(15/07/56 / Curragh Camp, Co. Kildare, Eire.)

' ' ' ' ' ' ' ' A Clock Ticks(For Scarlet)

A clock

A vase
reflects upon itself

in an enormous ornate
gilt mirror

her own flowers

& how they are

A fire
spits sparks

sending shadows
scuttling up walls.

A coal scuttle
is either half empty/half full.

A clock
strikes nine
&... chimes

slightly ahead of
the real time.

.A picture
quaint & antique

hangs slightly askew
against the horrid

wall paper
& its unattractive roses.

A record
(an old shellac 78)

has found a scratch
& keeps returning to it

picking at the musical phrase
like a scab.

Caruso’s... got... got... hiccups.

One mirror
gazes into the face
of another mirror.

Both enamoured
of the other

seeing only

An un-drunk cup of tea
cools steadily

leaving a thin skin
on top.

A sugar lump
has come to rest

on a small
Turkish carpet

the delights of Paradise.

A moth falls madly in love
with an old flame

but it soon fizzles

The only thing living
in this room

is an old tattered tortoiseshell
cat asleep

by her master’s
stockinged feet

so deep
she hasn’t even heard


A clock


I was bathed in sweat(fearing no more the heat of the sun) and reading a novelisation of the life of Edvard Munch under Amalfi skies. I looked up and Capri looked back at me. Capri said nothing. Either did I. Sweat dripped from my eyebrows onto the phrase A CLOCK TICKS. Suddenly my mind went click and the poem(without me knowing where I was going or who was going with me) proceeded to write itself and waited for me to catch up with it. The sun and the phrase sent me back to another sunny day in 1972 when I was doing my Inter Cert and we had an English exam after dinner. But now we were teenage boys playing soccer in the school yard all tarmacadam and concrete. I had scored seven goals but was now the goalie. I dived spectacularly to turn a certain goal around the post with a fingertip and hit my head off the post. The concrete post. The bell rang and I arose to do an English exam concussed and seeing double so I probably did the same question on Thomas Hardy twice. On the way in to the exam someone told of an old lady found in the town who had been dead for weeks. We had played football only the other day against her house making enough noise to waken the dead. But she was really dead inside all the time we played. I was horrified to find this out and thought this was the most horrible thing I had ever heard...that another human being could die alone and forgotten and not mean anything to anyone anymore. I found the ordinariness of this absolutely chilling. I thought she could have been like me with thoughts and fancies and longings and desires...and that they could all come to this.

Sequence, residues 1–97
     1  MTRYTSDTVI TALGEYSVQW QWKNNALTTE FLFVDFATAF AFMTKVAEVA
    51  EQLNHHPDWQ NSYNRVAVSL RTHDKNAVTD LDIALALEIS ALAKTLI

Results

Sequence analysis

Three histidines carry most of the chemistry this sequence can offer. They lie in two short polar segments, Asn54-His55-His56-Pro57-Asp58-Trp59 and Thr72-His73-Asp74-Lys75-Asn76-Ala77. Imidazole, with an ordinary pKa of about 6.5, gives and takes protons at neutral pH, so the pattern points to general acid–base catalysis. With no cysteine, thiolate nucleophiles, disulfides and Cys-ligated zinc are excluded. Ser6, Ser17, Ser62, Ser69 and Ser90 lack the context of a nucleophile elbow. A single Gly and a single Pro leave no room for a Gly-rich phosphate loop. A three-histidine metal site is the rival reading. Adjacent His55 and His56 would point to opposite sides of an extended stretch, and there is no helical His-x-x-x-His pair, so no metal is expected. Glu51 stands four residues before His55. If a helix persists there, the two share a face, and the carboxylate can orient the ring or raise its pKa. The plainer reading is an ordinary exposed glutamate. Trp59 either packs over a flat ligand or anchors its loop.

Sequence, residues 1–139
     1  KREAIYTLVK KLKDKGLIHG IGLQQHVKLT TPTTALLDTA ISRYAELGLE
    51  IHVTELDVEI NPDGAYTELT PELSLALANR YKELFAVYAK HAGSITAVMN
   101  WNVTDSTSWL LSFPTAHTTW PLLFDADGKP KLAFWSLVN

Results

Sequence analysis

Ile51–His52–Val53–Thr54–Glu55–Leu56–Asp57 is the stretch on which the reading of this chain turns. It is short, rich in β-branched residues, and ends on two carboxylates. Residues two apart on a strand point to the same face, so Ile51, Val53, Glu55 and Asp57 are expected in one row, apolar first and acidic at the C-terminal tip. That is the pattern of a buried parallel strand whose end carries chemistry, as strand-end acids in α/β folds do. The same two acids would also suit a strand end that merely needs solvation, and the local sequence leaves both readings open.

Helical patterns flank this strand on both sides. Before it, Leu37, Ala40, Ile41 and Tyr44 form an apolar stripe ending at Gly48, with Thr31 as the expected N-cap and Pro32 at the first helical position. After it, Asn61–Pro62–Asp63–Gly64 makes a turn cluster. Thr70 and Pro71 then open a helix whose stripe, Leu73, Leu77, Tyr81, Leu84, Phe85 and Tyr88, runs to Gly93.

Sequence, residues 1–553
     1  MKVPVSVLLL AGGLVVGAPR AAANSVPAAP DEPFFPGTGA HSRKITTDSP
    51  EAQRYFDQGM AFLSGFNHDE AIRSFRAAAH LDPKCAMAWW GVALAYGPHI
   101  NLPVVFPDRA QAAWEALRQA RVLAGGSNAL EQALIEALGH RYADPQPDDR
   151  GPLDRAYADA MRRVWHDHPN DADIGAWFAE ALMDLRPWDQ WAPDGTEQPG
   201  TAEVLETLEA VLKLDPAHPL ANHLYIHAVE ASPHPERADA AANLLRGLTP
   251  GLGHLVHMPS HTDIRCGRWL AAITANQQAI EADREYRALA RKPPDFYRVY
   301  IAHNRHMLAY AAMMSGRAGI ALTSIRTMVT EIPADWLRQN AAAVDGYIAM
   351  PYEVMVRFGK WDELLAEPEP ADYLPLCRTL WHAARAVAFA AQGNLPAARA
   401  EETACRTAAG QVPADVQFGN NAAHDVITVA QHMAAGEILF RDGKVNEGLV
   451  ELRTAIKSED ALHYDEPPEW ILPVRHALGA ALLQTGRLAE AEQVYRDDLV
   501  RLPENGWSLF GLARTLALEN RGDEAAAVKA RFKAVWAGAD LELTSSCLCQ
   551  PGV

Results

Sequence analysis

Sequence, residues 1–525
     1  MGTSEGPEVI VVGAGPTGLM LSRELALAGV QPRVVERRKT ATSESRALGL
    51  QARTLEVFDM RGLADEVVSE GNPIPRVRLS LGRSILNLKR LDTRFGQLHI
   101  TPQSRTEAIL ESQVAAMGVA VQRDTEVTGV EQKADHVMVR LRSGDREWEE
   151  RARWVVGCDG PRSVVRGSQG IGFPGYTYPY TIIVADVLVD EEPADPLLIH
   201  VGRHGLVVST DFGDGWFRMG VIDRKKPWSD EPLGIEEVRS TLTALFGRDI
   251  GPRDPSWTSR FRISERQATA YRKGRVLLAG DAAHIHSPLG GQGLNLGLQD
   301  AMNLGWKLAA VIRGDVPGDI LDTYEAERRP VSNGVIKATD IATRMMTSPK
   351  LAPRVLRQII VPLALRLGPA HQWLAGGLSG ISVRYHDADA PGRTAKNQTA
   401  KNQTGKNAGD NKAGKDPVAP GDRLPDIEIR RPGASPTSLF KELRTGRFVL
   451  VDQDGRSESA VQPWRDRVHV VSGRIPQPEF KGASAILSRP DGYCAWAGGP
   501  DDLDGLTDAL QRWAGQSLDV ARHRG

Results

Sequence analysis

I held my head to the exam paper and cried into my Hardy:

“Woman much missed how you call to me...call to me! ”

Someone had to cry for her and I guess it had to be me. Forty years later... on holiday in Italy I cry for her again...change a few of the details...make up a few of the details...and this poem comes into being.

A clock

User Rating: 2,8 / 5 ( 105 votes ) 2

Comments (2)

Love, this reads, with its short, short sentences, just like the ticking of that clock! And, so with the death, I cried as well, for the kitty all unknowing...and then, when I read the post script about HOW you came to write this, I cried again, for the woman who died alone. Isn't the human mind just the most amazing thing you ever knew of, to remember so long and to create so quickly....And All done SO well! It is just beautiful.
Grippingly told and with the shortline approach a consistent slow read brings all the potent poignancy to bear in the final lines..... a fine piece throughout Donall....10/10 from Fay...